Hardy-Weinberg Equilibrium and Mixed Strategy Equilibrium in Game Theory

ABSTRACT

The Hardy-Weinberg Equilibrium (HWE) can be
linked to game theory. This article shows that payoffs, or resources, in a
game with alleles as players, determine the frequency of homozygotes. The
frequency of **aa** homozygotes in the
HWE is an increasing function of the multiplicative difference in own payoffs
for each allele. Thus, Mendelian proportions are variable rather than fixed
depending on the resources for the alleles. Whereas the concept of
evolutionary stable strategy (ESS) is based on non-cooperative competitive
settings such as a competition between doves and hawks, this article explores a
game theoretic situation where the mating of two alleles is presupposed.

Cite this paper

H. Horaguchi, "Hardy-Weinberg Equilibrium and Mixed Strategy Equilibrium in Game Theory,"*Theoretical Economics Letters*, Vol. 3 No. 2, 2013, pp. 85-89. doi: 10.4236/tel.2013.32014.

H. Horaguchi, "Hardy-Weinberg Equilibrium and Mixed Strategy Equilibrium in Game Theory,"

References

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[1] G. H. Hardy, “Mendelian Proportions in a Mixed Population,” Science, Vol. 28, No. 706, 1908, pp. 49-50. doi:10.1126/science.28.706.49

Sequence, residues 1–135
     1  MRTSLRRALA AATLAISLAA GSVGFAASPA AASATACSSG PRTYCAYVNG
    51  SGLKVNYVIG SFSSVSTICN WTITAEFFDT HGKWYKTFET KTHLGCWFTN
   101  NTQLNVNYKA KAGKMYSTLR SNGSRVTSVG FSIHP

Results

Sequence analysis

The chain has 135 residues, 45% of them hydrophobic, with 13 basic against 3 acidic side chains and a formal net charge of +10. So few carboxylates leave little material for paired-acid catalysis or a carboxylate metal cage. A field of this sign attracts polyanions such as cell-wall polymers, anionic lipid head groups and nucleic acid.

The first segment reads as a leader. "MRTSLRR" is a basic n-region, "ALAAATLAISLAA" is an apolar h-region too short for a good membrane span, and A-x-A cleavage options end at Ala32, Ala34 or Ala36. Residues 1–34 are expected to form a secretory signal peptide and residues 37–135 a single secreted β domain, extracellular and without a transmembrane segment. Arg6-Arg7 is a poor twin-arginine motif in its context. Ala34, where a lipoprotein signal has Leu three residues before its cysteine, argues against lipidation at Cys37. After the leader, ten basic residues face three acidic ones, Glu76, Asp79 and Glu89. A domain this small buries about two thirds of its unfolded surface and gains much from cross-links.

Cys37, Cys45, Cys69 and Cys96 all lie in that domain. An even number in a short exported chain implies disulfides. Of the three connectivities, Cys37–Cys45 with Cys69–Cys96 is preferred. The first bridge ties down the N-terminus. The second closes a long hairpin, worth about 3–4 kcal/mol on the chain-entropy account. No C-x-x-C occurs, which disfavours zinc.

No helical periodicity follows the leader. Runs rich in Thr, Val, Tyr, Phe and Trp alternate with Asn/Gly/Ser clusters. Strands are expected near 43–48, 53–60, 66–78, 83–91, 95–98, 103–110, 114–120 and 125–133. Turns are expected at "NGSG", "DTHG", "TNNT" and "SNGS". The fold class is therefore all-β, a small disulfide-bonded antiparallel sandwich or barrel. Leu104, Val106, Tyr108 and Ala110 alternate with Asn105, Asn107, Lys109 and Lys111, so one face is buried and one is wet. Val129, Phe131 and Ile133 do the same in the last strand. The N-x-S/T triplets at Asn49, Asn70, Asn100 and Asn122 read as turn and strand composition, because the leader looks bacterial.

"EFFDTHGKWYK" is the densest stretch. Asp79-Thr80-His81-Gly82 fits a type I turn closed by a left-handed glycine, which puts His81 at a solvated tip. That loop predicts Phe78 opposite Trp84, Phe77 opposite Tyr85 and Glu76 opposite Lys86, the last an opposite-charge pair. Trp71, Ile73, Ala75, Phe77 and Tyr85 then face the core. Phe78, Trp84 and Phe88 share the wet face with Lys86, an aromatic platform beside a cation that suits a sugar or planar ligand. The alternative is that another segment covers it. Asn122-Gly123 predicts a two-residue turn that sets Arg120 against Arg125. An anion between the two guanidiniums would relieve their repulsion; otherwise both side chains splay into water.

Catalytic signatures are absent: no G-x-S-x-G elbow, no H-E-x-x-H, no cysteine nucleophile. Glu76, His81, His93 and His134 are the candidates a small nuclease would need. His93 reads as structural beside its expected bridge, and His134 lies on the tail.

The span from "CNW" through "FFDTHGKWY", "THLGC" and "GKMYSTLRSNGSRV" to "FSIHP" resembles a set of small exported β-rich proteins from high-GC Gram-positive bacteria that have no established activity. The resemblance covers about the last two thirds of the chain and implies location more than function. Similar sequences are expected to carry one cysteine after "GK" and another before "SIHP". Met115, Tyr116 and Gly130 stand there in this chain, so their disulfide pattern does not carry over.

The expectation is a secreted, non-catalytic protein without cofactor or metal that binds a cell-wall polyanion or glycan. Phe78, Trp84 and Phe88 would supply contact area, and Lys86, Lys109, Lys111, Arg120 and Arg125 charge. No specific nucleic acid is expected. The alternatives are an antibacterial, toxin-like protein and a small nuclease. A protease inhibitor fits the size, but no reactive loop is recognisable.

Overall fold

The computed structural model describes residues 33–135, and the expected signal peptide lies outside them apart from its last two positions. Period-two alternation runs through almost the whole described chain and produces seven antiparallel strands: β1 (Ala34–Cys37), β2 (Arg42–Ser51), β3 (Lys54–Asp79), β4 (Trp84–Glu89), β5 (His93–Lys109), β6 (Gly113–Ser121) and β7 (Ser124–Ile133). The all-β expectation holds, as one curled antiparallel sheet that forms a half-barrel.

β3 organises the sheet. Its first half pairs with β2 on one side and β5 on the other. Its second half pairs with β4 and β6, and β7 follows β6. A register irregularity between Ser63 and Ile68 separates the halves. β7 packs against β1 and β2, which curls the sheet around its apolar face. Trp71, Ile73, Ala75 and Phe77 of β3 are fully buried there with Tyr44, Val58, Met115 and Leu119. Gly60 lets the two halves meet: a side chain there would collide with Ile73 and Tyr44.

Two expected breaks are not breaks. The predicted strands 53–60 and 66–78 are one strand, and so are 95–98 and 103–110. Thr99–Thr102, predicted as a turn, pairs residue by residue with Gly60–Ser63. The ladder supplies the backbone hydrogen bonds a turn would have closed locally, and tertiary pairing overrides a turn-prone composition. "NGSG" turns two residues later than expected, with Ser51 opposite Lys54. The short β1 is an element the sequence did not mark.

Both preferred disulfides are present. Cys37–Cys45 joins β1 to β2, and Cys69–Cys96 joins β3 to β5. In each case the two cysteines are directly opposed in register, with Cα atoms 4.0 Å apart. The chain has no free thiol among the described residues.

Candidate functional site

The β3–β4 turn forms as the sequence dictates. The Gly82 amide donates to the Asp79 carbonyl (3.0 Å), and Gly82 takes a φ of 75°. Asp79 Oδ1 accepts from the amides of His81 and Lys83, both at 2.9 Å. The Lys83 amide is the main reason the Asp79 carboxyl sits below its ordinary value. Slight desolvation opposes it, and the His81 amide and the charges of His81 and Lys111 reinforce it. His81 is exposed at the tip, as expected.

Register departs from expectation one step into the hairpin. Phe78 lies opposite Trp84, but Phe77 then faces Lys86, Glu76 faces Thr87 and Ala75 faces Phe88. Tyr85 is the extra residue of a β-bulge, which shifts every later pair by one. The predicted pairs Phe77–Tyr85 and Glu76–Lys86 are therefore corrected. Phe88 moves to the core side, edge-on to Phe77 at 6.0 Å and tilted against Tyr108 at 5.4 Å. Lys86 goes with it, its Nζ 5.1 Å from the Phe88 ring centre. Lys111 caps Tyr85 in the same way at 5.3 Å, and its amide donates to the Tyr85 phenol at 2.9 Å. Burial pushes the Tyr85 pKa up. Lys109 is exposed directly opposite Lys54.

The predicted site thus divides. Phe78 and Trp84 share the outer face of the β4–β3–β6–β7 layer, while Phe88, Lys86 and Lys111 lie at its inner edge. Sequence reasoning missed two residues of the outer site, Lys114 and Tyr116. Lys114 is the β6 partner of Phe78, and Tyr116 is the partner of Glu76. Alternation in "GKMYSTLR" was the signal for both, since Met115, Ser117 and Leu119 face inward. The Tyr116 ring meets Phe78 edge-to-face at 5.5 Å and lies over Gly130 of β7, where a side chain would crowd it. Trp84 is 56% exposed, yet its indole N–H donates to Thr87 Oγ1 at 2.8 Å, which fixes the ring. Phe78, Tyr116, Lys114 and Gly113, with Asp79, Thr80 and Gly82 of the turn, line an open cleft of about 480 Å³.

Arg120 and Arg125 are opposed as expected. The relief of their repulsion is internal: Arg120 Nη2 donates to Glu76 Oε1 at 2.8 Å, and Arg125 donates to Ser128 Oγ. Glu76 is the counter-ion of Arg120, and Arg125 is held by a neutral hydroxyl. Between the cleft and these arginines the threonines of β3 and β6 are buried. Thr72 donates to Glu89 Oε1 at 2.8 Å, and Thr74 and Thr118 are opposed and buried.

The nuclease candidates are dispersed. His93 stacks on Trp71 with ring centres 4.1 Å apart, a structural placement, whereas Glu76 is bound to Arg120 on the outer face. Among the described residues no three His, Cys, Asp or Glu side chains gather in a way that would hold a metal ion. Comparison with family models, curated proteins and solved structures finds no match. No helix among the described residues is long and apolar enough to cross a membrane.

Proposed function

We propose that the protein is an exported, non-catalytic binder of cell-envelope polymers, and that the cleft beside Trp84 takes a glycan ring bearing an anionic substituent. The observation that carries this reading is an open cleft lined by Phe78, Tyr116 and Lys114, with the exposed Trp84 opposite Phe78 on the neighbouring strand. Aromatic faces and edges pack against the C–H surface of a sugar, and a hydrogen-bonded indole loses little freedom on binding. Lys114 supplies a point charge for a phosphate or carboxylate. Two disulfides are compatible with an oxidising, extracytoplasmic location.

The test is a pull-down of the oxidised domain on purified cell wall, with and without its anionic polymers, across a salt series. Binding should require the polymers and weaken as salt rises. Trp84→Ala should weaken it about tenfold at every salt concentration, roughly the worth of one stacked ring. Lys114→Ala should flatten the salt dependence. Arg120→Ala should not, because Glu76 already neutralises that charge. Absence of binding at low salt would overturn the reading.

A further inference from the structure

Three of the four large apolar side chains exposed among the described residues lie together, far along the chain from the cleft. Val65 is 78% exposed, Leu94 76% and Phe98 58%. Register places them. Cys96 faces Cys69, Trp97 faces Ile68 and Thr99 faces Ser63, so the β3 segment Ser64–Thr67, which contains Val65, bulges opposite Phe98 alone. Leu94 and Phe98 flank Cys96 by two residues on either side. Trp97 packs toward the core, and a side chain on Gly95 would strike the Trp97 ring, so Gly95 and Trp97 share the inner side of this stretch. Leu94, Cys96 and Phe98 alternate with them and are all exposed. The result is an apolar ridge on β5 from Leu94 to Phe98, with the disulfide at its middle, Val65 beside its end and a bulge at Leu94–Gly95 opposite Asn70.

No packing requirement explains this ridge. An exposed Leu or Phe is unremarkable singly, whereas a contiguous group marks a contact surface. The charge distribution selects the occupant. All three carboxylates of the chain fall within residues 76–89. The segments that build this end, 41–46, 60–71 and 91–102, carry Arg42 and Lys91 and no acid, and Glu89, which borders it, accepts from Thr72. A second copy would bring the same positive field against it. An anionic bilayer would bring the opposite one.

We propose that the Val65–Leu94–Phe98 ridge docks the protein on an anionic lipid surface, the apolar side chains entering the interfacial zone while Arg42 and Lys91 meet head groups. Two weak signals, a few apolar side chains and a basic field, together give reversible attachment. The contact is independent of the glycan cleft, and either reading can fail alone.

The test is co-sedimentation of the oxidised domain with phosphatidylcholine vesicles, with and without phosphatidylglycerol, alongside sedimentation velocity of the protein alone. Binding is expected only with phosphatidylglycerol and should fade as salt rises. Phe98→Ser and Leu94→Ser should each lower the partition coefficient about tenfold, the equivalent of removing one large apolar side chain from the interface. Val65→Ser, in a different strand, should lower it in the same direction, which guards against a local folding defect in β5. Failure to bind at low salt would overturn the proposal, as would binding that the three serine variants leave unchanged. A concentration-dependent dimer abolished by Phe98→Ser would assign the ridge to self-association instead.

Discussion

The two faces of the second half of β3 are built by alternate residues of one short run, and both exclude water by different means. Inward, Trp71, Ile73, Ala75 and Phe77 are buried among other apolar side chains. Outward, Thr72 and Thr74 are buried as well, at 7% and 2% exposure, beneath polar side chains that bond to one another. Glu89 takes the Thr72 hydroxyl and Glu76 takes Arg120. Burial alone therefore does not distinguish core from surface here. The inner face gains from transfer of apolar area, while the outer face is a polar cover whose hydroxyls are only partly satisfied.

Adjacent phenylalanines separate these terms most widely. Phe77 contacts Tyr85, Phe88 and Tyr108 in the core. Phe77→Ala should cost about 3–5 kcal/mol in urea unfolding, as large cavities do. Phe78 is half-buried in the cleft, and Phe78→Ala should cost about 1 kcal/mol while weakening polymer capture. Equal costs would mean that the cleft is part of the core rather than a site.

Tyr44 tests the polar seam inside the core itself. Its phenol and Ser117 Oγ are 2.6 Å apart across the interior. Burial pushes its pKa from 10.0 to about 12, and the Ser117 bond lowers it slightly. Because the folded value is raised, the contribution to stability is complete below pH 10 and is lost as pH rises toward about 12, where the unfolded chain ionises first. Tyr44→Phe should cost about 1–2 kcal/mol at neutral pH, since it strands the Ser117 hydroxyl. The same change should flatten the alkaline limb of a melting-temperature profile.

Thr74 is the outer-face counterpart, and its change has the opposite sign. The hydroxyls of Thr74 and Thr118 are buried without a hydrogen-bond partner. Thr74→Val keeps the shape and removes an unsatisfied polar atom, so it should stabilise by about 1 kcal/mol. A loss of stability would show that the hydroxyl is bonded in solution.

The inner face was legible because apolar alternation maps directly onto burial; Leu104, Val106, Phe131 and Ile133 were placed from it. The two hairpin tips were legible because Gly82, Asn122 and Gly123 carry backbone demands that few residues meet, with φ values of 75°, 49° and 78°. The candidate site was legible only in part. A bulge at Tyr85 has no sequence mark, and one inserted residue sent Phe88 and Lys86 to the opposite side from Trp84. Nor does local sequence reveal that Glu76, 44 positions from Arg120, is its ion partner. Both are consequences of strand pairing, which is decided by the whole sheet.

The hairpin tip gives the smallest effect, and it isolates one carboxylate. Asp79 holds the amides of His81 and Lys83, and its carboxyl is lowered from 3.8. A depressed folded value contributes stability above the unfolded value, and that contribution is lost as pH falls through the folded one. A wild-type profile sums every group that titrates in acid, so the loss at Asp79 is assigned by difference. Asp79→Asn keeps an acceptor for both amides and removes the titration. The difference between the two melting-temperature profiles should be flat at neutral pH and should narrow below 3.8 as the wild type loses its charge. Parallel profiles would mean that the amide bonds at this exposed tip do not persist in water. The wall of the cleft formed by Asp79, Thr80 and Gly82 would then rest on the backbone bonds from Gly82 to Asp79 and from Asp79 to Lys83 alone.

[2] C. Stern, “The Hardy-Weinberg Law,” Science, Vol. 97, No. 2510, 1943, pp. 137-138. doi:10.1126/science.97.2510.137

[3] C. Stern, “Mendel and Human Genetics,” Proceedings of the American Philosophical Society, Vol. 109, No. 4, 1965, pp. 216-226.

[4] J. M. Smith, “Evolution and the Theory of Games,” Cambridge University Press, Cambridge, 1982. doi:10.1017/CBO9780511806292

[5] D. Fudenberg and J. Tirole, “Game Theory,” MIT Press, Cambridge, 1991.

[6] R. Gibbons, “Game Theory for Applied Economics,” Princeton University Press, Princeton, 1992.

[7] H. H. Horaguchi, “The Role of Information Processing Cost as the Foundation of Bounded Rationality in Game Theory,” Economics Letters, Vol. 51, No. 3, 1996, pp. 287-294. doi:10.1016/0165-1765(96)00828-2

[8] D. M. Kreps, “A Course in Microeconomic Theory,” Princeton University Press, Princeton, 1990.

[9] K. H. Weiss, and J. A. Kurland, “Going on an Antedate: A Strange History of Imperfect Perfect Proportions,” Evolutionary Anthropology, Vol. 16, No. 6, 2007, pp. 204-209. doi:10.1002/evan.20151

[10] J. Relethford, “Human Population Genetics,” Wiley-Blackwell, Hoboken, 2012.